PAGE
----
menu looks like a dark black hole. Evidently, black is the new blue.) The menu bar
Every popular operating system saves space by concealing its most important commands
in menus that drop down. Mac OS X's menus are especially refined:

They're translucent.You can actually see through an open menu to whatever
window is beneath. Translucent menus don't particularly help you; in fact,
inLeopard, they're so see-through, they can be hard to read, especially when the
document window behind them contains text. Consider them showoff-ware.

They stay down. Mac OS X is multithreaded, which means that it's perfectly
capable of carrying on with its background activities while you study its open,
translucent menus. Therefore, Mac OS X menus stay open until you click the
mouse, trigger a command from the keyboard, or buy a new computer, whichever
comes first.

Tip: Actually, menus are even smarter than that. If give the menu name a quick click, the
menu opens and stays open. If you click and hold the mouse button down for a moment,
the menu opens, but closes again when you release the mouse button. Apple figures that,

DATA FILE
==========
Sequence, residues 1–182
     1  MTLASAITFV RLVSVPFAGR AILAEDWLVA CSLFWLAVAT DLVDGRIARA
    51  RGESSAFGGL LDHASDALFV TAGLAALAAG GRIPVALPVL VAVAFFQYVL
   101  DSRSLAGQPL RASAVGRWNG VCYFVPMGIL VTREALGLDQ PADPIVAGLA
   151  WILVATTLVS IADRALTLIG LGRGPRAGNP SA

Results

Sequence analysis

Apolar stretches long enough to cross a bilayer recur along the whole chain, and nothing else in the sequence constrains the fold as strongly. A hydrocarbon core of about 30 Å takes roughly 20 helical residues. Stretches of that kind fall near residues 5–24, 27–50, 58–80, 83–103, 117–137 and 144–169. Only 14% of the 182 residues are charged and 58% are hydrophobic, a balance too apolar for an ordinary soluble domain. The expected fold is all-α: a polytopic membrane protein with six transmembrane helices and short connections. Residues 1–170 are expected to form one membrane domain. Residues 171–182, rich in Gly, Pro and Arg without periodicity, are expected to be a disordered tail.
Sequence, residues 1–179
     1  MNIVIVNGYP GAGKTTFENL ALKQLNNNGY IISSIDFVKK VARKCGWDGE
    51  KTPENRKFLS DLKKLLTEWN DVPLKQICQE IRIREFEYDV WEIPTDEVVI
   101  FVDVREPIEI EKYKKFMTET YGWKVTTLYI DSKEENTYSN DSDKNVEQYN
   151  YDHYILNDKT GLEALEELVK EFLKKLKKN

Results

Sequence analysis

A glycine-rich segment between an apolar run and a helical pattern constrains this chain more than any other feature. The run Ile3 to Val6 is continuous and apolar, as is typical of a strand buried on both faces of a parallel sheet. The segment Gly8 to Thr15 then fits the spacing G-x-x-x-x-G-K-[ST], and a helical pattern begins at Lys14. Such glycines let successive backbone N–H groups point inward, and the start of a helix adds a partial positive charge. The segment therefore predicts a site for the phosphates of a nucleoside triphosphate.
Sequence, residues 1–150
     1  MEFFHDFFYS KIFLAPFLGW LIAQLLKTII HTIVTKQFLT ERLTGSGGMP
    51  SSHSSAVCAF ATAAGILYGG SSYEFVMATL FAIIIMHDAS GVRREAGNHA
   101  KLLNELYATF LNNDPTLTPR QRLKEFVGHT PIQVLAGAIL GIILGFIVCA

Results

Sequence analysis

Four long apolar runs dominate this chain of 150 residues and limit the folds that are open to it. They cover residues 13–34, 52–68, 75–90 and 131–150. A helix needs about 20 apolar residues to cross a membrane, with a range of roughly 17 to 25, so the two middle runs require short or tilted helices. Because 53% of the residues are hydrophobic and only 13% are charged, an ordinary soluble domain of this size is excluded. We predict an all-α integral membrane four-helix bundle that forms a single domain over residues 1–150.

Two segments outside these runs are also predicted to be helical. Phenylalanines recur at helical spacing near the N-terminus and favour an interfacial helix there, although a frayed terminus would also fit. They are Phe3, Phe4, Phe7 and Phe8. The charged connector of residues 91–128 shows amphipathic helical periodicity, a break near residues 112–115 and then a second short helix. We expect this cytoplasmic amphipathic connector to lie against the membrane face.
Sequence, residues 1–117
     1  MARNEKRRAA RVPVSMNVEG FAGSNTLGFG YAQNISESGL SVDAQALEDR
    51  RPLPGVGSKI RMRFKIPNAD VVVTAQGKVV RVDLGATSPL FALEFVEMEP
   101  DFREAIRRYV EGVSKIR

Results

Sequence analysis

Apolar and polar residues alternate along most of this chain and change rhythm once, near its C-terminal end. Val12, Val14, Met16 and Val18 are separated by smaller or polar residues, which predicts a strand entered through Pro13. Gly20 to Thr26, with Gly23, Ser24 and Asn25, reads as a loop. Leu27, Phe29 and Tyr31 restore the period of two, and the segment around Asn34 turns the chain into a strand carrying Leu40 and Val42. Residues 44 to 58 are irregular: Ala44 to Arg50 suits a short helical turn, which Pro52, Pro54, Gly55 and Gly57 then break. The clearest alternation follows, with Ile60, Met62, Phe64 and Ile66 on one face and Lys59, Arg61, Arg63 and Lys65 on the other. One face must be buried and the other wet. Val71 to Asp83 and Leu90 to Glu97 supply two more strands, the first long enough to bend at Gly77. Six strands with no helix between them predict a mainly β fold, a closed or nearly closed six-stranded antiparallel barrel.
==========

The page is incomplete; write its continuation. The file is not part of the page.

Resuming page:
in that case, you're just exploring, reading, or hunting for a certain command.

They're logically rearranged. The first menu in every program, which appears in bold
lettering, tells you at a glance what program you're in. The commands in this Application
menu include About (which indicates what version of the program you're using),
Preferences, Quit, and commands like Hide Others and Show All (which help control
window clutter, as described on Section 5.5.2
In short, all of the Application menu's commands actually pertain to the application
you're using.
The File and Edit menus come next. As in the past, the File menu contains commands for
opening, saving, and closing files. (See the logic?) The Edit menu contains the Cut,
Copy, and Paste commands.
The last menu is almost always Help. It opens a miniature Web browser that lets you
search the online Mac Help files for explanatory text (Section 1.9.3
You can operate them from the keyboard. Once you've clicked open a menu, you can
highlight any command in it just by typing the first letter (g for Get Info, for example).
(It's especially great for "Your country" pop-up menus on Web sites, where "United
States" is about 200 countries down in the list. Now you can type united s to jump right to
You can also press Tab to open the next menu, Shift-Tab to open the previous one, and
Enter to "click" the highlighted command.
All that's left is figuring out a way to open the menu from the keyboard to start the
process (details on Section
Otherwise, the menu bar looks and works much as it has in operating systems past.